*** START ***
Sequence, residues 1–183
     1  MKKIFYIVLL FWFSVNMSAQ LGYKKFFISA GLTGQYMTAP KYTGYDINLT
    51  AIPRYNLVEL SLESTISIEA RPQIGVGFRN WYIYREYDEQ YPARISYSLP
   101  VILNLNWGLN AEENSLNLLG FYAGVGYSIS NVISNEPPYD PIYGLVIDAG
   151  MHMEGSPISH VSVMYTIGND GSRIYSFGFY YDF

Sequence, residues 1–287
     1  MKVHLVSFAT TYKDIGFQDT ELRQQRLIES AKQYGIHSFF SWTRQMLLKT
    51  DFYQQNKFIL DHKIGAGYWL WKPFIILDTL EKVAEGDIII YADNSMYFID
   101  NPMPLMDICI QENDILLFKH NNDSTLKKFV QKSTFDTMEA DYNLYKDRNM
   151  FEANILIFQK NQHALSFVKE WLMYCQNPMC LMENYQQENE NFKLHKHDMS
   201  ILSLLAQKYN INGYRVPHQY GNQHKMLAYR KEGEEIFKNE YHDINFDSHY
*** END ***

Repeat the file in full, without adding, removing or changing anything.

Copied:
Sequence, residues 1–183
     1  MKKIFYIVLL FWFSVNMSAQ LGYKKFFISA GLTGQYMTAP KYTGYDINLT
    51  AIPRYNLVEL SLESTISIEA RPQIGVGFRN WYIYREYDEQ YPARISYSLP
   101  VILNLNWGLN AEENSLNLLG FYAGVGYSIS NVISNEPPYD PIYGLVIDAG
   151  MHMEGSPISH VSVMYTIGND GSRIYSFGFY YDF

Sequence, residues 1–287
     1  MKVHLVSFAT TYKDIGFQDT ELRQQRLIES AKQYGIHSFF SWTRQMLLKT
    51  DFYQQNKFIL DHKIGAGYWL WKPFIILDTL EKVAEGDIII YADNSMYFID
   101  NPMPLMDICI QENDILLFKH NNDSTLKKFV QKSTFDTMEA DYNLYKDRNM
   151  FEANILIFQK NQHALSFVKE WLMYCQNPMC LMENYQQENE NFKLHKHDMS
   201  ILSLLAQKYN INGYRVPHQY GNQHKMLAYR KEGEEIFKNE YHDINFDSHY